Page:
Part of our “design your own series”, this is very much a work in progress so not every thing is really ready for public viewing, consider this as a beta test.
Its normal for a single gate up to about 4ft 1200mm tall to be a single rectangular frame with no centre brace bar but over 4ft tall, its usual to have a middle bar to brace the frame.. Although we say middle bar, it can “slide” down towards the bottom more or up towards the top for the purpose of the design..
Hinges are usually placed close to the corners, for the purpose of strength, so any design ideally should have the corners clear.
If a lock is to be fitted then, the area where the lock goes should also be clear. It requires a clear space of 160mm tall x 95mm wide. Of course the lock position in terms of height can be adjusted to suit.
Perhaps the first consideration for design apart from the height, has to be the frame, before we mentioned gate frames being rectangular but that’s not strictly true. below are some possibilities for frame shape design, these apply to both short metal gates and taller gates.
If it is a low single gate as above, you need to be sure that the bar gaps (space between bars) are small enough to suit your needs. If you need it to keep in a dog, will the dog escape through the bar gaps.. both gates drawn have 5 bars.,
A boring part, scroll down to the tool below, it does all this for you
What ever the size of the opening for the gate, its usual to take 110mm or so away to allow for hinges and catch. So a 3ft wide gate 915mm would end up with a frame that is 800mm wide, this applies to both tall or short gates..
So in order work out the gaps of a 5 upright bar gate you would need to divide it by 6. Its the gaps that your interested in not the bars, is always one more gap than there is bars. 800mm divided by 6 would give a gap of 133mm. now take away bar thickness (assuming 12mm is used here) from the gap space and the edge to edge gap between the bars would be 122mm (5 inches) or so. This is to large for a small dog., its likely to squeeze through. Trying 7 bars so that’s 8 gaps between the bars and you end up with bars at 100mm centres and an edge to edge gap between bars of 88mm, should be enough for all but the smallest dog breeds.. Remember the wider the gate, the more bars will be required to keep the gap small.
A tool to do the boring maths, enter the gate width then adjust sliders to required settings and you result will be at the bottom
In an ideal world its useful to have an odd number of bars, so you have an even number of gaps, this just allows for a centre bar to work the pattern from. SO that effectively the gate has a centre piece.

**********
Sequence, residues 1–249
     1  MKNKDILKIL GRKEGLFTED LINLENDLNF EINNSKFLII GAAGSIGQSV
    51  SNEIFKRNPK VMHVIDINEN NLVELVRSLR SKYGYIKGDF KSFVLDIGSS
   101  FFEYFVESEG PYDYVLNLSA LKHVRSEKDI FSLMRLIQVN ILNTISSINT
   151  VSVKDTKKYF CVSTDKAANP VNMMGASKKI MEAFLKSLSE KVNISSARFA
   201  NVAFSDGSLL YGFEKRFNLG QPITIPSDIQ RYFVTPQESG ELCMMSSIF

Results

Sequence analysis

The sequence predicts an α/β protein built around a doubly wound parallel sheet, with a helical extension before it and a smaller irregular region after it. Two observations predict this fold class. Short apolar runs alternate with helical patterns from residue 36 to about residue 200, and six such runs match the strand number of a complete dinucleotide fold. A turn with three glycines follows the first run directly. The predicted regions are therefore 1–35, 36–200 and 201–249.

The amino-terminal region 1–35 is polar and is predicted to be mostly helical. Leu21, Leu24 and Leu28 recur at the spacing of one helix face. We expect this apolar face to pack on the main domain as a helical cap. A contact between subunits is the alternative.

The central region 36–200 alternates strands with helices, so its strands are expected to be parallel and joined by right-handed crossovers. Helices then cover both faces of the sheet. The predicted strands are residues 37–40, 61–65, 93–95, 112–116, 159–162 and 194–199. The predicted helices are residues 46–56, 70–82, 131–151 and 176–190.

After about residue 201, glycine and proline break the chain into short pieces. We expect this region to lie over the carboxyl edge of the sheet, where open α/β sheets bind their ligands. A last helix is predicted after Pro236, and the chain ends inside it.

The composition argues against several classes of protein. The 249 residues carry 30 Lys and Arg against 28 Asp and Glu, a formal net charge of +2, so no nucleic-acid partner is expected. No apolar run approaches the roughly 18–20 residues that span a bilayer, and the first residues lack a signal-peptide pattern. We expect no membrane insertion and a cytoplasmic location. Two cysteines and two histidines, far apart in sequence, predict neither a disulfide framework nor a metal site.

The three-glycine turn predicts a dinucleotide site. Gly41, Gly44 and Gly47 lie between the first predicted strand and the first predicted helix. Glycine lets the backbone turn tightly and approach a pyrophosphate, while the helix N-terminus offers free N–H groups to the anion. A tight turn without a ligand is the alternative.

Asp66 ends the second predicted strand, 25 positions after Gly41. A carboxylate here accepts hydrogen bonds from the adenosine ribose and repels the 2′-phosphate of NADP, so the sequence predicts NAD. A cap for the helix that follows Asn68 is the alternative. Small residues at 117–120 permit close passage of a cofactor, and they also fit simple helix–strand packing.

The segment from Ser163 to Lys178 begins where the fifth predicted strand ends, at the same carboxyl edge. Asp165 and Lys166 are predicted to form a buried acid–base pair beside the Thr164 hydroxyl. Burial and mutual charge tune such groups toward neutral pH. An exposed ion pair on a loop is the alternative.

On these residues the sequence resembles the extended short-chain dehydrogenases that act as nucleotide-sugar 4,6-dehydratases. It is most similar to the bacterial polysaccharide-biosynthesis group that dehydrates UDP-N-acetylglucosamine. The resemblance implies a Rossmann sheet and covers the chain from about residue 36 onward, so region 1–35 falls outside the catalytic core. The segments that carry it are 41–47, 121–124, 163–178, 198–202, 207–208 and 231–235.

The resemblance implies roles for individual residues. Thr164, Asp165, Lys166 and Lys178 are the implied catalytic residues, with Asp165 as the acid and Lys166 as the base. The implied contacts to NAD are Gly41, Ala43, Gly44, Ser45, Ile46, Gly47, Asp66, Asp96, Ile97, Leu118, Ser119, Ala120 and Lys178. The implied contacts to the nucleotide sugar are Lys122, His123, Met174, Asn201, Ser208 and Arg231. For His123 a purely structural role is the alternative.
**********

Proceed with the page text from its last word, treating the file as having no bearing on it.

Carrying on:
Now if you are having a tall gate there is the option of having “dog” bars. These are simply half height bars set between the full length bars, commonly now its just one bar spaced between two tall bars, but some older Victorian designs had 2 dog bars. between each full length upright bar, allowing large gaps between the main bars.. Traditionally dog bars went from bottom bar to middle bar and were usually thinner than the main bars. So if using 16mm or 20mm for main upright bars, dog bars could be 12mm. As 12mm is the minimum size we will use for uprights, if using 12mm for full length bars dog bars would need to be 12mm as well..
Having dog bars means you only want the pattern, in the top half of the gate, as the lower bars will be so close together. so beyond using twisted bars, there isn’t much you can do there, as you lack the space between bars.
Would now suggest as you have, your bar spacings worked out, its time to decide on the frame style a few choices can be found here. (opens new tab, just so you can refer back here)
Frame choice will have an effect on the “infill” part of the gate, the main design or pattern. if its a dip down or rise up, then your centre bars will be longer or shorter. That may have an effect on how the pattern locks. examples to be added here
Now to decide the pattern required in the gate, help on that part can be found here
Really now the last part of the design is the top, scrolls railing heads whatever you decide to choose, they can be found here
Hopefully by this time you should have a design in mind and a ball park figure of what it is going to cost (prices to be added to soon), now you need to make contact with us, let us know what you want and i can mail over a drawing of your own choice of gate design.